Grenfell Tower inquiry: Fire predicted a decade before, memo showson March 10, 2021 at 4:51 pm

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The firm that made the cladding was warned of a fire that could kill 60 to 70 people, the inquiry hears.

Grenfell Tower

image copyrightGetty Images

The firm that made the Grenfell Tower cladding was warned of the risks of a building fire that would kill “60 to 70” people a decade before the tragedy.

The chilling prediction of the Grenfell fire came at a presentation attended by a marketing manager from Arconic.

Gerard Sonntag sent an internal memo suggesting the company stop selling the flammable version of its product, the public inquiry heard.

It never happened and the fire, made worse by Arconic’s cladding, killed 72.

The public inquiry is hearing evidence relating to three Arconic employees who have refused to give evidence, citing a law in France where they live.

Reading from internal company documents obtained by investigators, the senior inquiry counsel, Richard Millett QC said that the company’s marketing manager had been “very impressed” by a presentation on fire safety which he attended in 2007.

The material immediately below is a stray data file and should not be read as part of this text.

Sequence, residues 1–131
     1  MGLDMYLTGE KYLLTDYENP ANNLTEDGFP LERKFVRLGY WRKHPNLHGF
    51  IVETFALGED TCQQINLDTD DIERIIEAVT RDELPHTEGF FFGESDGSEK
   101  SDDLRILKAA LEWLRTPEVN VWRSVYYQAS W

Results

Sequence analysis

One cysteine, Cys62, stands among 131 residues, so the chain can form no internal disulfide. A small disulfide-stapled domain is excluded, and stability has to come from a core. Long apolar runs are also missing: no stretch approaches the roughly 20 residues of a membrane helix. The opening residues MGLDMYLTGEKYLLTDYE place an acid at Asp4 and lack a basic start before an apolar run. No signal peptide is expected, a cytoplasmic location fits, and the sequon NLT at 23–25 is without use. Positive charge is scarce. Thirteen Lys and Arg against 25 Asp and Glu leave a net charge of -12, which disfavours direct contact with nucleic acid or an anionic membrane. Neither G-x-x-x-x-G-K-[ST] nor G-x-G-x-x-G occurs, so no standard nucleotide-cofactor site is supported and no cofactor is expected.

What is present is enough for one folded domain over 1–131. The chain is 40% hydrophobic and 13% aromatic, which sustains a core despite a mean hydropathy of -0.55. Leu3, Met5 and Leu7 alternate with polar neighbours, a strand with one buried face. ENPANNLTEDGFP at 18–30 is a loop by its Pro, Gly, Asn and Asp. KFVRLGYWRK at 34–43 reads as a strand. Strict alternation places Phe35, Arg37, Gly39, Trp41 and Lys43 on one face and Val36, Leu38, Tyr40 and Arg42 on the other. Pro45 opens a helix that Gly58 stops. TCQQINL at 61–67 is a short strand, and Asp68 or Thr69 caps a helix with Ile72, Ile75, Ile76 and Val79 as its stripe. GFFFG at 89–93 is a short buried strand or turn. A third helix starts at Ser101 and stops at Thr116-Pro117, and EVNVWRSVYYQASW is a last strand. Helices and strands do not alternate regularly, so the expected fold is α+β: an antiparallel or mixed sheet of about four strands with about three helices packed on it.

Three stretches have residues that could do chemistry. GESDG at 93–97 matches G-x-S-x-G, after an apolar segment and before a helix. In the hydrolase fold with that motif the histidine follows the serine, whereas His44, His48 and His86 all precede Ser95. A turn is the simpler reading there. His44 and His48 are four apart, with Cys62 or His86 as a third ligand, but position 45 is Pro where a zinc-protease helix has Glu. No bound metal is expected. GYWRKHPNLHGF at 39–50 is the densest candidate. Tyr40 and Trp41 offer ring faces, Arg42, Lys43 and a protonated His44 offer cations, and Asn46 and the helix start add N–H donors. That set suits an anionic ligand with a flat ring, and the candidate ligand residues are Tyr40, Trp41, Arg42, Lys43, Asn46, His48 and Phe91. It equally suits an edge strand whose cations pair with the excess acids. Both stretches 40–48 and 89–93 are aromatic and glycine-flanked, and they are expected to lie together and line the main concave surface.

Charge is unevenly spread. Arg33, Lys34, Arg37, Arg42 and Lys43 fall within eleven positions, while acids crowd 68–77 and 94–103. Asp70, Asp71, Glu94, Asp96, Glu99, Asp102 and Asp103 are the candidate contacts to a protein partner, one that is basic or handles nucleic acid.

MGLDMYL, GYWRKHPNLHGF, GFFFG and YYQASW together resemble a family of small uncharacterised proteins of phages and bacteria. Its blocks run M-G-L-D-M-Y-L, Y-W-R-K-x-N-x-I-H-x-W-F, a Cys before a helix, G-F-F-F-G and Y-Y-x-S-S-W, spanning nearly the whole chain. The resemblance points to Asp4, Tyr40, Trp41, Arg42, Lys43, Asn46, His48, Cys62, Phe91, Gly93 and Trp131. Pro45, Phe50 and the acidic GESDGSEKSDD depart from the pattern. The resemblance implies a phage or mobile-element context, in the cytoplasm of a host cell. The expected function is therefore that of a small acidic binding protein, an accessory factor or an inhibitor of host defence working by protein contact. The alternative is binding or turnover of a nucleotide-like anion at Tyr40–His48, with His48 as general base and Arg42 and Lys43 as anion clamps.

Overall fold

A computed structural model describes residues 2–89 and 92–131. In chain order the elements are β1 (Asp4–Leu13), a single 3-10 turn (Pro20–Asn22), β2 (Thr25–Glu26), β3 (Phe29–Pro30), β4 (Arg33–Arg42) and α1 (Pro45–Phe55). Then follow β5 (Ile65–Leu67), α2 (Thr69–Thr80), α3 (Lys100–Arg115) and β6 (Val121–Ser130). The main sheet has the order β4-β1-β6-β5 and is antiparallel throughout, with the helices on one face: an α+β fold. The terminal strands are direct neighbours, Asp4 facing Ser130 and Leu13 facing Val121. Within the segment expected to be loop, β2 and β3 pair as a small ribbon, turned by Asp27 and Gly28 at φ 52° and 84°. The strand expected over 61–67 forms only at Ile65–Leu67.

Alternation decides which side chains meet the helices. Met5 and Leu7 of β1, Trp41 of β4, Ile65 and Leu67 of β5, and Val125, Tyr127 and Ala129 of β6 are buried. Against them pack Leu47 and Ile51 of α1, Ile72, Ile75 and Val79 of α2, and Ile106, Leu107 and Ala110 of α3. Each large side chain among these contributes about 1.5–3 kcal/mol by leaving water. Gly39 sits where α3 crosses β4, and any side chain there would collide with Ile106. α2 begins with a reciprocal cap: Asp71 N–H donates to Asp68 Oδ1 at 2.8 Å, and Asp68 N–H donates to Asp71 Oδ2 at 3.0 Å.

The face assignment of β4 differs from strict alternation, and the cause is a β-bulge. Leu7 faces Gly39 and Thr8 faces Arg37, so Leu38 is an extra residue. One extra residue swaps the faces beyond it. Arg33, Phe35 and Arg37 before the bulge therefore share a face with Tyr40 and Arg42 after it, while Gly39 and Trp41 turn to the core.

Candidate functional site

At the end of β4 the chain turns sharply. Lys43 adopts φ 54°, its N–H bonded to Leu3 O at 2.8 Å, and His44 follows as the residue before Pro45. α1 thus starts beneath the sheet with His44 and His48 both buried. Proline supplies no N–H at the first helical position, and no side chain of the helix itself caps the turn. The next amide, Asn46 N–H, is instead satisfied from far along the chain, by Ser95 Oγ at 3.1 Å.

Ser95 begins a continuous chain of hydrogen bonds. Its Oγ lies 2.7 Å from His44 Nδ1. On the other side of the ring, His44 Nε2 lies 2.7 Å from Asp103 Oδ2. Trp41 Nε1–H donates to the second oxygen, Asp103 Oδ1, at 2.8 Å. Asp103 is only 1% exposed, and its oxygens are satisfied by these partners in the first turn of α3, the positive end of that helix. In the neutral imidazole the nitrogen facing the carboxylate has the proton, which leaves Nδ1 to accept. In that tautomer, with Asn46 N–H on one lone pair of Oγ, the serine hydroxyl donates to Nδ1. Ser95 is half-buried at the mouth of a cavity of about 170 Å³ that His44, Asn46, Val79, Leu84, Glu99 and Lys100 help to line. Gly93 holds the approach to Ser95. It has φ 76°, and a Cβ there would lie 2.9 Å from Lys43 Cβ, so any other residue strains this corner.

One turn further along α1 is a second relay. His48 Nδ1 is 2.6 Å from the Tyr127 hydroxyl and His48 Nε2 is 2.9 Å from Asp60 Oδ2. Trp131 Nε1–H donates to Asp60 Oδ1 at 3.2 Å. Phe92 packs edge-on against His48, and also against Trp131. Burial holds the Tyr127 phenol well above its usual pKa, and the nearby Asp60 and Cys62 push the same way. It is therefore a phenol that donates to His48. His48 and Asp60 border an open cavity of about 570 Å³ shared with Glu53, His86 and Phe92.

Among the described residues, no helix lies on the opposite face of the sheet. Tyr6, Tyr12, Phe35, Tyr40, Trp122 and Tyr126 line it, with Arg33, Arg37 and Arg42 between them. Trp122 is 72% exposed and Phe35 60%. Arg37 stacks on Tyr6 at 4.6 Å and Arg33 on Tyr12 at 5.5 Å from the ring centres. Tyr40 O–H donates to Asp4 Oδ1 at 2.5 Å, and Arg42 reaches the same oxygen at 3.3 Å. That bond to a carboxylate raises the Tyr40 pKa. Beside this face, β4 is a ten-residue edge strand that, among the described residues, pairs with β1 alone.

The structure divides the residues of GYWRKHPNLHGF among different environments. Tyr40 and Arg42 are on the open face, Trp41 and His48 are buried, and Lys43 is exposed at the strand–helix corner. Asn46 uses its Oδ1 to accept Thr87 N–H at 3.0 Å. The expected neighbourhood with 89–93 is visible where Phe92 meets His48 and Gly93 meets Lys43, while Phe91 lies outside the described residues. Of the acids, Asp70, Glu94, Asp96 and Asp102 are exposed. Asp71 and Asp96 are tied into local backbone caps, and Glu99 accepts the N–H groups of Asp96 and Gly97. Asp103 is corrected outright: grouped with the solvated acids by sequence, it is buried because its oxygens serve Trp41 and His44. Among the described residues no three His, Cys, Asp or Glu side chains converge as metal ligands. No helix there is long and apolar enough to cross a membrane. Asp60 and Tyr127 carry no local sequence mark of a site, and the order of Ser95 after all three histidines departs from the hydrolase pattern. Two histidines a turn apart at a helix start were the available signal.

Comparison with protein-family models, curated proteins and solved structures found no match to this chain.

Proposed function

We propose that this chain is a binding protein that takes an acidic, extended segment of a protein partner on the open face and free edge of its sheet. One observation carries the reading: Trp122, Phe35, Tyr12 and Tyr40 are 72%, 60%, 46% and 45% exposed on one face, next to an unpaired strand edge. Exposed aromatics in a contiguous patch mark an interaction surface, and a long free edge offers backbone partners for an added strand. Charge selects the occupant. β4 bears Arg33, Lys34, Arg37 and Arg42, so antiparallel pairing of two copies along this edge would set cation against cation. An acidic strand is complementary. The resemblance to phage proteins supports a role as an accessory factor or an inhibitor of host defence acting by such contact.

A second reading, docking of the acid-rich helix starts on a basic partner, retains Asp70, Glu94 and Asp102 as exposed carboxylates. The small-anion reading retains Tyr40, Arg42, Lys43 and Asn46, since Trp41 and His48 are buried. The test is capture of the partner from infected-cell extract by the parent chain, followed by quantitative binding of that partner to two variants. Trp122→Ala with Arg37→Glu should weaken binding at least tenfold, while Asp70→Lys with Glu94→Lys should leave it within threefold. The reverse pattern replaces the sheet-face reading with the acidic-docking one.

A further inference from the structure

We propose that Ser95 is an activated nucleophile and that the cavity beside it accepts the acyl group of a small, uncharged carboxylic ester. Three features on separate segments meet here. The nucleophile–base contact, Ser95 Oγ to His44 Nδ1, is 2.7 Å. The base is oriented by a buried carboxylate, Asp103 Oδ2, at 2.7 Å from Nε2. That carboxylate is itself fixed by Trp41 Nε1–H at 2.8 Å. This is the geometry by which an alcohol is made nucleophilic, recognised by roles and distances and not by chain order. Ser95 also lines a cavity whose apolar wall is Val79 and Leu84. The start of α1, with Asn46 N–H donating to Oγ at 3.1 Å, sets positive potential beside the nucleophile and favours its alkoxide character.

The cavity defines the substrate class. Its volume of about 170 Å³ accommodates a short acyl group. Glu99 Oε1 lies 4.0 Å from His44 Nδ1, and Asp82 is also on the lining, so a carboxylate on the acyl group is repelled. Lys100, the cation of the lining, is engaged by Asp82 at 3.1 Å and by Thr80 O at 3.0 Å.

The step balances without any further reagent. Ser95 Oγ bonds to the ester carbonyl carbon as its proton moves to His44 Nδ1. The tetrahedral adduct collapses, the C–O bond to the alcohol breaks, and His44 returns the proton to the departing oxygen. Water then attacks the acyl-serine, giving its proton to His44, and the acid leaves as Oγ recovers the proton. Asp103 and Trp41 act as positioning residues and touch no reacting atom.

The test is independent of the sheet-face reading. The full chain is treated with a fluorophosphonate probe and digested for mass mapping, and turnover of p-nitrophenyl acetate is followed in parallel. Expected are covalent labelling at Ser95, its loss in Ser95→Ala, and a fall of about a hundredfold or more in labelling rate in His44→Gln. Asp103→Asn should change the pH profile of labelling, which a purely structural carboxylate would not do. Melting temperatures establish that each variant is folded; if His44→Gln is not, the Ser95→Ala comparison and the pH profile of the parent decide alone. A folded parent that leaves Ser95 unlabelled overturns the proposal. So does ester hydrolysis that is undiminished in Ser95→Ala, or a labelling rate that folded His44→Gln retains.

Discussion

A consultant, Fred-Roderich Pohl set out the risks of the plastic used to make aluminium composite cladding (ACM), which he said had the same “fuel power” as a 19,000-litre truck of oil.

The plastic, polyethylene or PE, is highly flammable.

Mr Pohl showed pictures of a fire in Doha, Qatar, which developed quickly in the cladding system.

In his memo about the presentation, Mr Sonntag said Mr Pohl warned: “What will happen if only one building made out of PE is on fire and kills 60 to 70 persons.”

It was a chilling prediction of the exact circumstances of the Grenfell Tower fire.

In his memo, Mr Sonntag also asked colleagues what the responsibility of the cladding supplier would be in that situation.

This is now a key question for the inquiry and the police, who are investigating Arconic’s sales of flammable cladding.

Arconic now says that it made the raw materials for cladding systems and could not be held responsible for the ways in which they were used.

Mr Sonntag’s response to the 2007 presentation was to recommend the company stop selling the PE version of the cladding in favour of a fire-retardant (FR) type.

He also said Arconic should cut production costs so that the FR version could be produced at the same price as the cheaper PE version.

The company did pursue this strategy but kept the PE version on the market until after the Grenfell fire, when the role of the product in allowing flames to spread had become clear.

Because three key French Arconic employees won’t give evidence, Mr Millett said open questions remained, including whether Mr Sonntag’s recommendations were fully discussed by the company.

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